Here is another one of those occasional posts with mazin facks bout stronomy. (See also Almost Nothing and A Dim Glimmer).

Today’s rambling is inspired by some fascinating tweets emitted by darkskyman aka Steve Owens of Dark Sky Diary fame. First I will give you the gist of Steve’s ‘believe it or not’ sequence. From the average rainfall in the UK last year (1.33m), the area of the UK (2.426×10^11 m^2), and the average volume of a raindrop (10^-9 m^3) he calculated that the total number of raindrops that fell on the UK was 10^20. That is a big big number. However, continues Steve, the number of stars in the Universe is approximately 10^23.

So as Steve told us ‘for every raindrop that hit the UK last year there are 1000 stars in the Universe’.

Very nice, but I found myself thinking – how does the rate of raindrops compare to the rate of photons? The average raindrop flux is 13 raindrops/m^2/s. Lets compare to the Sun. The solar constant is 1360 W/m^2. If we take the typical photon as being at about 500nm with energy hc/lamda = 4×10^-19J, we get roughly 3×10^21 photons/m^2/s.

So we get much much much more sunlight than rain! Woohee!

What about starlight? Well, as Mr Olbers pointed out, a Universe full of stars would make a sky as bright as the Sun in every direction. However, the Milky Way fades out, and the universe runs out too, in time and therefore space. So lets just get empirical. Cosmology types will often plot the ‘cosmic optical background’ at a level of about 10^-8 W/m^2/sr, about a factor of a thousand less than the CMB. However, that is the extragalactic background light; the summed emission from nearby stars is in fact much more. According to my Trusty Allen, star light from the whole sky is equivalent to 460 V=0 stars, or one star of V=-6.7. The apparent mag of the Sun is V=-26.7. So the scattered starlight is 20 magnitudes fainter or a factor of 10^8.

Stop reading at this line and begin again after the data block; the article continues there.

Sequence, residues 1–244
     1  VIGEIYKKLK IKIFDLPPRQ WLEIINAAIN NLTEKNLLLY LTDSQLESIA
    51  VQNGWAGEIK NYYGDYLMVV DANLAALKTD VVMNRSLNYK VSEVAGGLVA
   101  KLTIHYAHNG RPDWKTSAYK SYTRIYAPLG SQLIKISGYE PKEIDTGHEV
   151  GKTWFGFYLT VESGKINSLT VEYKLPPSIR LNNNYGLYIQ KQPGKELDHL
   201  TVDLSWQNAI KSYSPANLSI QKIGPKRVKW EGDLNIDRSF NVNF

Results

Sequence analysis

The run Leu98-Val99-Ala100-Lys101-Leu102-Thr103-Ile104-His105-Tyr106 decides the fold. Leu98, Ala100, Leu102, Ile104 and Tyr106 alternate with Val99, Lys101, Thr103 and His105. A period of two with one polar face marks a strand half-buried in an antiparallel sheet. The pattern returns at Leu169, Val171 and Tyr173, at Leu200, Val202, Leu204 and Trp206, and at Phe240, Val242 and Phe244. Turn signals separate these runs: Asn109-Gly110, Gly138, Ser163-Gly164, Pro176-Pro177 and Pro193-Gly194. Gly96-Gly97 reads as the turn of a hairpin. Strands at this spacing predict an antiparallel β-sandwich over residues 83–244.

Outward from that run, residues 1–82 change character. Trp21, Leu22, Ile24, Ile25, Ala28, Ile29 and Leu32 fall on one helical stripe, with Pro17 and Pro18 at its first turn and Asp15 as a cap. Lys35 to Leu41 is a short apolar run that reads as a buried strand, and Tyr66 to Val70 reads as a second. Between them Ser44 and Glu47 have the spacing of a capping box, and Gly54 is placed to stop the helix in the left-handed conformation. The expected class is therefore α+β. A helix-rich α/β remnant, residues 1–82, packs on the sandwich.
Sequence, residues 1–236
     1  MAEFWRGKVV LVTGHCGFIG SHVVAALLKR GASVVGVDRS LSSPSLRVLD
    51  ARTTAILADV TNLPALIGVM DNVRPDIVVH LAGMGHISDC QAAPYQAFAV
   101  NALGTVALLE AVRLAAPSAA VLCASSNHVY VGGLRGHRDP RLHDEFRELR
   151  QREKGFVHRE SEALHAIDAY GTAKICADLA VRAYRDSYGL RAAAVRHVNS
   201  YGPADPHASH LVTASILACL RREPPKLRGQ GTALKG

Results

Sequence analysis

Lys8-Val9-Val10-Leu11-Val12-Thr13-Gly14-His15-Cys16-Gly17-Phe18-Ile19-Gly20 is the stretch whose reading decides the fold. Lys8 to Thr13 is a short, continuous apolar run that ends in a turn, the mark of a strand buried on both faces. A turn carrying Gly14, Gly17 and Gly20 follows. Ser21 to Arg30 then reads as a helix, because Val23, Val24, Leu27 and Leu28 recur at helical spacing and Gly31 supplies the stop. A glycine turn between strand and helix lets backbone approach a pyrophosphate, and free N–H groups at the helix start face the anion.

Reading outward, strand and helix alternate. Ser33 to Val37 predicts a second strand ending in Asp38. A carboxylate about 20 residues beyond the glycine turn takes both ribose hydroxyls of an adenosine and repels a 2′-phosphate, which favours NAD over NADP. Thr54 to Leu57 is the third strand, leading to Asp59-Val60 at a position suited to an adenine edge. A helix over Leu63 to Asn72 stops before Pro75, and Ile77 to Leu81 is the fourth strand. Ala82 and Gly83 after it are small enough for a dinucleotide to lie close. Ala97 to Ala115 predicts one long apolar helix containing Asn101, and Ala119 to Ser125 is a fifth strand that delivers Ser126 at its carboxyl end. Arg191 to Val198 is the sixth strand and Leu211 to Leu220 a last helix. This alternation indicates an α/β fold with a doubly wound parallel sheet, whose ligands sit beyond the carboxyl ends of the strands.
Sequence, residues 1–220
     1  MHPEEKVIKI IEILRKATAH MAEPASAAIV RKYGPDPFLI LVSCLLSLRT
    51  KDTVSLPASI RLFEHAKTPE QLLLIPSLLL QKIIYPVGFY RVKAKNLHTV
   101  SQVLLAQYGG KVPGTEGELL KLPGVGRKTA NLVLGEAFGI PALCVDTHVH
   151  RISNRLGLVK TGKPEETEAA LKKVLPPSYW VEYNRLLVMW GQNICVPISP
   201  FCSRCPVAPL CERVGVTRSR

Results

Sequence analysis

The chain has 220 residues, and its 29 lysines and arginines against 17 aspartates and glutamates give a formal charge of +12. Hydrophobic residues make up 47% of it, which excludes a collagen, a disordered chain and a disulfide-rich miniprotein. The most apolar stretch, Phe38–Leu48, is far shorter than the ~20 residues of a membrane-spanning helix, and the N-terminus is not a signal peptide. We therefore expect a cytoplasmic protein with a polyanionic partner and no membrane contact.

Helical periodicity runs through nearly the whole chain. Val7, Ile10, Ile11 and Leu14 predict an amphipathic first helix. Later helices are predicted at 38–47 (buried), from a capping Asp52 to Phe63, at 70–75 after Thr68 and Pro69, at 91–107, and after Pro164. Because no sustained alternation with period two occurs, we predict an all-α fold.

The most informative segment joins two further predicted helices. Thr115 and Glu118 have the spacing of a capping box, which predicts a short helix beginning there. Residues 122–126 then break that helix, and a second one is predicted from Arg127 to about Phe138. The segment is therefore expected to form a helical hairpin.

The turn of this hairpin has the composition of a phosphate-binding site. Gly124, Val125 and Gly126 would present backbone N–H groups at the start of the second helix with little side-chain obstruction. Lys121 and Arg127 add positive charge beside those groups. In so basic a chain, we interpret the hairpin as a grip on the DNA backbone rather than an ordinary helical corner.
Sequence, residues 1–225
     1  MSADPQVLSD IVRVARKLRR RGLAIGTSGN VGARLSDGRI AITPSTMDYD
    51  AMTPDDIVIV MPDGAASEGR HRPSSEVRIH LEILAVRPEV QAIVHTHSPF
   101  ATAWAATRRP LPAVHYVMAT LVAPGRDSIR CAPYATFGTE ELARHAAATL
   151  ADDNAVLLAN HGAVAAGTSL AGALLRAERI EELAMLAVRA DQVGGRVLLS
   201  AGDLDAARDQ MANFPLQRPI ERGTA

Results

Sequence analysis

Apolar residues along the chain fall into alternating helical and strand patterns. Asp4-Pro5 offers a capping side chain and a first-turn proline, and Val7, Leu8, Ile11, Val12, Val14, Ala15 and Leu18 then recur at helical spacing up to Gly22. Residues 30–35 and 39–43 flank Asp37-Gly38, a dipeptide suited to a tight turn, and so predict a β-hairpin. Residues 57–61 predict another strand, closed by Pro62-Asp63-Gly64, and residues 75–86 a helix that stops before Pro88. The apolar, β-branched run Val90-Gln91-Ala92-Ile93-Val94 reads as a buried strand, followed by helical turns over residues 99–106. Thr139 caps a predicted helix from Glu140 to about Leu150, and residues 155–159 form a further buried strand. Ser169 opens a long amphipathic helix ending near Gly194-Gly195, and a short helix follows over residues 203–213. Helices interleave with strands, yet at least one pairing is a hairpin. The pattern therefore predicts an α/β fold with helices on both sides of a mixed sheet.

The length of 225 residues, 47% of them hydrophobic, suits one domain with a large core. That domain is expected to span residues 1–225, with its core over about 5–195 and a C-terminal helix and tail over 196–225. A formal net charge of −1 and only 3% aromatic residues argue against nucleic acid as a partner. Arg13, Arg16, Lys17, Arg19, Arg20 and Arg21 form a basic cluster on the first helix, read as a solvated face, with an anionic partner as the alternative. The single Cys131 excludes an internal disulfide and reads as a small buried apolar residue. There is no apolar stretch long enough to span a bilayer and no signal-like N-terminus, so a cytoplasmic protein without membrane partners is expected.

So in super-crude terms, starlight is giving us something like 3×10^13 photons/m^2/s. Still lots more than the 13 raindrops/m^2/s.

But what energy? Scaling down from the solar constant, starlight is giving us an energy flux of about 1.4×10^-5 W/m^2. What about raindrops? Each of those raindrops has mass 10^-6 kg. The terminal velocity of a raindrop depends on size, but at 1mm its about 4 m/s. So the KE per raindrop is about 8×10^-6 J and the energy flux is therefore 10^-5 W/m^2, about 6 times as much as starlight.

So… in particle count terms, the Sun wins hands down; starlight is down a factor of hundred million but still huge; and the raindrop count is pitiful, another factor of a trillion down.

In energy terms, the Sun still wins easily, with starlight a hundred millions times down; but the rain carries more energy than the starlight – just.

Please do check the maths… Anyhoo. Better do some real work today.

What is the total amount of extra-solar-system energy received by all radio telescopes (pre-SKA) in all of history?

Didn’t you do this one before? I think the answer is diddly-squat, but please do tell us ole bean

Yes, I did. Less than the kinetic energy of a snowflake.

On a slightly related note, while on a long stay at Paranal I calculated the solar energy as equivalent depth of oil “rainfall”. Taking day/night average for a desert as 300 W/m^2, that’s 9.5 GJ/m^2/year.

The energy density of oil is ~ 35 MJ/litre (crude, petrol and diesel are quite similar according to Wikipedia), so this gives around 270 mm depth of “oil-fall” per year, i.e. nearly half of London’s average rainfall.

Clearly there is a large problem actually catching this and transporting or storing it; but imagining the Sahara shin-deep in oil each year does show very intuitively just how huge the possible solar power is.